An Owner of His Own
Ralph Wilson wasn’t your usual football fan. He liked to win, sure, but was largely concerned with managing his team as a business in the beginning. In a famed conversation between Wilson and O.J. Simpson’s agent, the idea of Simpson being a rare talent capable of winning the team a Super Bowl was raised. He famously remarked the following:
“What good would a championship do me? All that means is everybody wants a raise.”– Ralph Wilson To O.J. Simpson’s Agent
His frugal attitude waned through the years, once stability was secured in what was (at the time) an ever-changing landscape. He began to take risks, and pay for them too. He put the team in a position to win, and win they did. His involvement in the building of the legendary ‘90s Buffalo Bills is immense. Not winning a Super Bowl in his lifetime became his greatest regret.
The people of Buffalo may not have been Ralph’s own, but they became a family to him. When the Buffalo market share began to fall out of the country’s top 20, Wilson was inundated with requests to move his team to a more profitable location, namely Los Angeles. He was unmoved, as was his franchise.
“I couldn’t bear to do that to the people of Buffalo.’’
“They’re such good people, and they love that team. They need that team.”– Ralph Wilson on moving the team out of Buffalo to a bigger market
Wilson was outspoken throughout his entire life, putting the team and the league ahead of personal concerns time and time again. He was known to be petty at times, as his famed dispute over the Rich Stadium naming rights is well known, but put the team’s wishes above his own with regularity.
Unfortunately, nothing can last forever. As his health began to wane, he knew it was time to say goodbye to the franchise he’d given his life to. He prepared for the eventual sale of the team, with no intent to leave it to his loved ones. His express wishes were to keep the team in Western New York, and his estate made the sale to the team’s current owners, the Pegulas, with that in mind.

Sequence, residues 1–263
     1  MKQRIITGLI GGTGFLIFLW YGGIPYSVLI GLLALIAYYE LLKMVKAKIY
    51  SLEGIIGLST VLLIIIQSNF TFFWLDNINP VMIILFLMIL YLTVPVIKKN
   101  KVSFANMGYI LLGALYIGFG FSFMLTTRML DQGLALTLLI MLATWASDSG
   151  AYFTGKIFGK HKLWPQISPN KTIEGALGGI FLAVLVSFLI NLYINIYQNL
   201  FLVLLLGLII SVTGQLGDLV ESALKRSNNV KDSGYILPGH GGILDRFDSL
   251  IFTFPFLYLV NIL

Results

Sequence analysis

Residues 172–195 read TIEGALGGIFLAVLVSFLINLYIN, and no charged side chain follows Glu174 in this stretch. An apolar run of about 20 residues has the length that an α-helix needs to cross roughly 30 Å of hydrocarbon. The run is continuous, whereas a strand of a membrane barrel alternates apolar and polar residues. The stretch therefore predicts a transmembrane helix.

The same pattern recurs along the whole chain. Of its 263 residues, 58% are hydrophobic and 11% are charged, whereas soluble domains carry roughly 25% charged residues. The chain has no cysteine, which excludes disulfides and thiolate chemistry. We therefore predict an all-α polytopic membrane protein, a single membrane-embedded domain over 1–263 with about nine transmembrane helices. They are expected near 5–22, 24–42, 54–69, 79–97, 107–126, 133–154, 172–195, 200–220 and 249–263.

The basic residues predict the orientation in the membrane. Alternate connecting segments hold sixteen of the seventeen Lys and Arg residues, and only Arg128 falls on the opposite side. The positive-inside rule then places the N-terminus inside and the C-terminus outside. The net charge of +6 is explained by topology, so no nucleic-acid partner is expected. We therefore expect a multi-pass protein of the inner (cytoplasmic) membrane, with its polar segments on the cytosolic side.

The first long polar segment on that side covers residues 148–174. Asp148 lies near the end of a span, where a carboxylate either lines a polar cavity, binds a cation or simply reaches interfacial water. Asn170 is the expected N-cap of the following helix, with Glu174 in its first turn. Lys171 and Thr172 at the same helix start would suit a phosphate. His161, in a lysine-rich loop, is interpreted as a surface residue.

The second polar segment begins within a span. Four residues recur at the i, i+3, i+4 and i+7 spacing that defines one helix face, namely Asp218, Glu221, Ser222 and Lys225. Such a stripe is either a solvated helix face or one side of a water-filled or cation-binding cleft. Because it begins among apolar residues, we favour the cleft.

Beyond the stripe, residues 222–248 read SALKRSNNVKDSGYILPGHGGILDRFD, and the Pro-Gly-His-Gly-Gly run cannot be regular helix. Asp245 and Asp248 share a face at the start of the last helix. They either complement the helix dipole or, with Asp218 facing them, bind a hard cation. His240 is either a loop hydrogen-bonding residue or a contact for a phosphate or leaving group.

The Pegulas have since worked out a new stadium deal to keep the Buffalo Bills where they are indefinitely. Ralph Wilson passed away of natural causes on March 25th, 2014. He was 95 years old.
Remembering Ralph Wilson
His last great act was leaving parts of his fortune to the communities he loved. He created the Ralph C. Wilson Foundation, with the aim to give away $1.2 billion to his communities, as per his wishes. Recently, the Ralph C. Wilson Foundation awarded $100 million donations to both Southeast Michigan, where had built his life, and Western New York, where he made the Buffalo Bills a staple. The money would go to restoring and maintaining waterfront parks and trails. The foundation will give away the entirety of the original sum over the next 20 years.
A “Foolish” Founder
He’ll always be remembered for his participation in “The Foolish Club”, the group of men who founded the AFL all those years ago. He was inducted into the Pro Football Hall of Fame in 2009.
“The historic AFL-NFL merger that these men brought to fruition more than 50 years ago helped make the NFL the pinnacle of sports that it is today, capturing our imaginations like little else. Whether you live in Buffalo, Kansas City, or anywhere else, if you love pro football, you owe Ralph Wilson a debt of gratitude. He was the last of the AFL founders and was a true pioneer of our sport.”former USA Football chairman/KC Chiefs PResident Carl Peterson on Ralph Wilson’s death
To continue to enjoy the Walking the Wall of Fame series, check out the table below!
|O.J. Simpson (1980)||Jack Kemp (1984)||Patrick J. McGroder (1985)||Tom Sestak (1987)||Billy Shaw (1988)|
|Ralph C. Wilson Jr. (1989)||The 12th Man (1992)||Elbert Dubenion (1993)||Mike Stratton (1994)||Joe Ferguson (1995)|
|Marv Levy (1996)||Joe DeLamielleure (1997)||Robert James (1998)||Edward Abramoski (1999)||Bob Kalsu (2000)|
|George Saimes (2000)||Jim Kelly (2001)||Fred Smerlas (2001)||Kent Hull (2002)||Darryl Talley (2003)|
|Jim Ritcher (2004)||Thurman Thomas (2005)||Andre Reed (2006)||Steve Tasker (2007)||Bruce Smith (2008)|
|Booker Edgerson (2010)||Phil Hansen (2011)||Bill Polian (2012)||Van Miller (2014)||Lou Saban (2015)|
|Cookie Gilchrist (2017)||Reserved For|
The Golden Era